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Exclusive: Fed to Weigh Higher Rates Next Year – TalkOfNews.com

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FDA Authorizes Updated Covid Booster Shots

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Wall Street Journal: “A smaller 0.5-point increase would mark a new phase of policy tightening as they calibrate how much higher to lift rates. Policy makers expect price pressures to ease meaningfully next year, but brisk wage growth or higher inflation in labor-intensive service sectors of the economy could lead more of them to support raising their benchmark rate next year above the 5% currently anticipated by investors.”

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Exclusive: Rachel Maddow Raises An Interesting Question About Anti-LGBTQ Extremists And Infrastructure Sabotage – TalkOfNews.com

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Rachel Maddow talks about the power grid attack in Moore, County, NC.

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Rachel Maddow pointed out that the same weekend that white nationalist groups were protesting against LGBTQ events someone shot up a power station in the county where one of the events was taking place.

Video:

Maddow said:

So when Moore County, North Carolina, was host this Saturday to another one of these far right anti-gay, anti-trans protests and then just as a local drag show that they were protesting started up, someone shot up the power stations and cut power to the whole county.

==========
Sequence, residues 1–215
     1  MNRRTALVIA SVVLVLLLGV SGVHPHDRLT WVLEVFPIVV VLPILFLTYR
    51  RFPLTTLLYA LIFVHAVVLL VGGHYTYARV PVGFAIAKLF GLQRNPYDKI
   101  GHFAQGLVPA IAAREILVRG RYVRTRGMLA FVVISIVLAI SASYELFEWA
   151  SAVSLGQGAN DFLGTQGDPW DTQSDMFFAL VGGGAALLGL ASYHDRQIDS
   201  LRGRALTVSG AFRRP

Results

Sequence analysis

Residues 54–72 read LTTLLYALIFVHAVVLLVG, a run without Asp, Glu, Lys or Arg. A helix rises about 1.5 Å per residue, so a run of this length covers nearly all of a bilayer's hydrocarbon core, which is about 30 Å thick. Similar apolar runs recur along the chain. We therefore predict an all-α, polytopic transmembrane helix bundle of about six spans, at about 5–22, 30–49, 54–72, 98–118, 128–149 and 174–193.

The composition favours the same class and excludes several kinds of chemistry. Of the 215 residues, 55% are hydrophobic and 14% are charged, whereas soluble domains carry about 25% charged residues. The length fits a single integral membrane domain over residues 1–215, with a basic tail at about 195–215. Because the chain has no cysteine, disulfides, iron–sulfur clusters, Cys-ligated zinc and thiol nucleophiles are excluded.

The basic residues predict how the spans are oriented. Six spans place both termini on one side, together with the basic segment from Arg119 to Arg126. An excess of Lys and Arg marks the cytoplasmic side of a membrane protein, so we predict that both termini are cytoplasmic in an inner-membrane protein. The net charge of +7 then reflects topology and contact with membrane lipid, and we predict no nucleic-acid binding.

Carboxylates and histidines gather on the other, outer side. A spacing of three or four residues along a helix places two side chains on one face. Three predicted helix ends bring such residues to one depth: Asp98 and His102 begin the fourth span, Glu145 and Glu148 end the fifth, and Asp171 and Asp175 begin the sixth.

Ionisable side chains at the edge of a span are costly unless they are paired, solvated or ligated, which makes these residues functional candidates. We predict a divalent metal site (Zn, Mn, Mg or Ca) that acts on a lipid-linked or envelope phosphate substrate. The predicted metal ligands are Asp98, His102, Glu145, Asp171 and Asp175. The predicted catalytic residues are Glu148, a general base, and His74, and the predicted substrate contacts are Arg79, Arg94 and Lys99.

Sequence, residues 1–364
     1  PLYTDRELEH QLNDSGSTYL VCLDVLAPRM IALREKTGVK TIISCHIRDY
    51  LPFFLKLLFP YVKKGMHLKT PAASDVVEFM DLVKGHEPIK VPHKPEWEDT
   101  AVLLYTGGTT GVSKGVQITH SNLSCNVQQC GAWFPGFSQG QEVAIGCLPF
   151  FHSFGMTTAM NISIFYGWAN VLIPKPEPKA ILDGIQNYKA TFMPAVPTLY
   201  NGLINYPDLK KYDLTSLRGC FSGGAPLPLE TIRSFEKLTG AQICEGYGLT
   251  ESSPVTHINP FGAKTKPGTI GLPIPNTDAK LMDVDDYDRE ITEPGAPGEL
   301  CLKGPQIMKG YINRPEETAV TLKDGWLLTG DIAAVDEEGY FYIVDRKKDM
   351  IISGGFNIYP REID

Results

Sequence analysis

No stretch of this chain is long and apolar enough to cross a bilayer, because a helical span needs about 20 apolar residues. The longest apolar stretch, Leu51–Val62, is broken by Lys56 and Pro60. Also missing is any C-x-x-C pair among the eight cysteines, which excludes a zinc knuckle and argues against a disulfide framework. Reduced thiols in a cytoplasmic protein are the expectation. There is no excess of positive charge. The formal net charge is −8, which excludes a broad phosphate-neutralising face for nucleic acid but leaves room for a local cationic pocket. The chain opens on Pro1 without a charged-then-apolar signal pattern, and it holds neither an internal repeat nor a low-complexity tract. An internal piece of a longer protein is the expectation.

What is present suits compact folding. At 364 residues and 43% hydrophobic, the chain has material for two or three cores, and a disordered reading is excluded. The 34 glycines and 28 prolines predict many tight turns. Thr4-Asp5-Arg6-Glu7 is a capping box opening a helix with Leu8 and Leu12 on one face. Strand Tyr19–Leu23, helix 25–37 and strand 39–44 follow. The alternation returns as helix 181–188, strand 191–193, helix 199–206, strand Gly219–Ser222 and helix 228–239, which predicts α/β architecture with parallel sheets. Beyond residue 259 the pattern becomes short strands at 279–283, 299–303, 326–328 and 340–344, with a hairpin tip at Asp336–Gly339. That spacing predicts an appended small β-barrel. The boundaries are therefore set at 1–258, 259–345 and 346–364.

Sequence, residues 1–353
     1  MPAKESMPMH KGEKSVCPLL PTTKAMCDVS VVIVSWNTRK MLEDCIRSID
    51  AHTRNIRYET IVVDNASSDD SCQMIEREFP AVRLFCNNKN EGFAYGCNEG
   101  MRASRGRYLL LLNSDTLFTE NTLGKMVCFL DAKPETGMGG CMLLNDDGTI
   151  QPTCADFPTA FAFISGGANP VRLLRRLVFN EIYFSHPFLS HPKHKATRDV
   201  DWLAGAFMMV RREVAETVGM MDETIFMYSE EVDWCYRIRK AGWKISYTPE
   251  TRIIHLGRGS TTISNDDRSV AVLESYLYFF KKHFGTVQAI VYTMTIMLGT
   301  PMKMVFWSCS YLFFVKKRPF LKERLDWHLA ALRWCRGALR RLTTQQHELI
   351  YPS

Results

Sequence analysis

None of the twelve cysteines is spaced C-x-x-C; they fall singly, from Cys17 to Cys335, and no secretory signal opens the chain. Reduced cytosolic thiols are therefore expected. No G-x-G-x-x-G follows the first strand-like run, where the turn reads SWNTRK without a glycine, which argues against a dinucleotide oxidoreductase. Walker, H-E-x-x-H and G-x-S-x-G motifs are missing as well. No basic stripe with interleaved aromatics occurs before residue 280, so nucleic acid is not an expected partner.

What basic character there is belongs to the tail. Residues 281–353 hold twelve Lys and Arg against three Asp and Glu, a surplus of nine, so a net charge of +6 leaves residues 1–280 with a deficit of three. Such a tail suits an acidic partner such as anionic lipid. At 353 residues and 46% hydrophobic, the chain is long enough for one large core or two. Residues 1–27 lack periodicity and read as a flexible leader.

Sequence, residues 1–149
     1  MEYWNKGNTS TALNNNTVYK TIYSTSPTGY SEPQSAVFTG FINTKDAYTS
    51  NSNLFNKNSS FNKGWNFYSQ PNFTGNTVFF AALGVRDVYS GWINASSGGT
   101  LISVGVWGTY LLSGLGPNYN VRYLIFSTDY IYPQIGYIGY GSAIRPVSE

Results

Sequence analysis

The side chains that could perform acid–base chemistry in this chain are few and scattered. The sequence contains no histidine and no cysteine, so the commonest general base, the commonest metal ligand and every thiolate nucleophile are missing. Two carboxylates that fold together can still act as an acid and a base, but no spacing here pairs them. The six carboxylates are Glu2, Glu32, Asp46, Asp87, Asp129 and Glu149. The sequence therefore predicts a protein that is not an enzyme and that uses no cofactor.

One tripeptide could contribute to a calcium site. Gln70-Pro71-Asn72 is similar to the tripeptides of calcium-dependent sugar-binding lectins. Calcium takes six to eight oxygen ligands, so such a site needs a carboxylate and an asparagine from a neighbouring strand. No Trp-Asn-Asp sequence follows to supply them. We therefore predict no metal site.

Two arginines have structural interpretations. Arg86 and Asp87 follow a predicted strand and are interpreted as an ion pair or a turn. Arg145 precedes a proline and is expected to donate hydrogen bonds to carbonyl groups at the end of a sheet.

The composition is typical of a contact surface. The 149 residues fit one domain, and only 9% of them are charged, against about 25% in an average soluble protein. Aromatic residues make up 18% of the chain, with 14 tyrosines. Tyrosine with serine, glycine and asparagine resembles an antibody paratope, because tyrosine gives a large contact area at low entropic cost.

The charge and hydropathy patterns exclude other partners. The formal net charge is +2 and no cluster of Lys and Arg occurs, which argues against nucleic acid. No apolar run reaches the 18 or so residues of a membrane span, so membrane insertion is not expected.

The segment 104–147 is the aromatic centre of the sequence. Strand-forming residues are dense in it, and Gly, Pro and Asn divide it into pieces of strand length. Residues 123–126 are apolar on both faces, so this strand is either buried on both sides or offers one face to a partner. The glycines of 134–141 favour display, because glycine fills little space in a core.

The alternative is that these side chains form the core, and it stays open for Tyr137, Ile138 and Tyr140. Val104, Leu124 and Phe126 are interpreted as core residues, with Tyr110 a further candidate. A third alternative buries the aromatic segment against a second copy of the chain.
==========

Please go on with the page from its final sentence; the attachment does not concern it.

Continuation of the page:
Yes, understandably people locally immediately started asking the sheriff if that was the reason why, if there was a connection. Now, the sheriff has said repeatedly that he has no idea if the attack on the power stations is linked to those anti-gay, anti-trans protests. There really is no indication either way. The sheriff says he has no idea about a motive of any kind. No suspects, nobody claiming any responsibility, no one in custody.

Someone has committed at best an act of sabotage against the power supply. At worst, it was an act of domestic terror.

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It is not a coincidence that on the same weekend that anti-government extremists and neo-nazis show up to protest in a North Carolina county, the power grid gets shot up.

Rachel Maddow didn’t say that it was the extremists who shot up the power grid because there is no evidence to suggest either way, but the power grid wasn’t shot up before the right-wing extremists showed up, and then it was.

Right-wing threats did not stop after 1/6. In fact, the situation has gotten worse, and at a time when there is a lot going on, this problem is worth monitoring.


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Exclusive: Inside the fight for an end-of-year deal on the child tax credit – TalkOfNews.com

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Inside the fight for an end-of-year deal on the child tax credit

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In 2021, an expansion of the child tax credit delivered hundreds of dollars monthly to some 35 million parents across the United States, helping them afford gas, food, and school expenses, and lifting almost 3 million children out of poverty. But last December, Democrats narrowly failed to approve an extension of the expanded credit, and it expired.

Now, with only a few weeks remaining before a new Congress takes office, advocates for the child tax credit are trying again to get an expansion included in any end-of-year tax package.

It’s a tall order, especially because Democrats would need at least 10 Senate Republicans to agree to pass any broad deal; last year, even a simple Democratic majority proved out of reach. But Democrats believe the political dynamics have since changed in their favor, and so have their policy demands, making a compromise potentially easier for Republican moderates to stomach.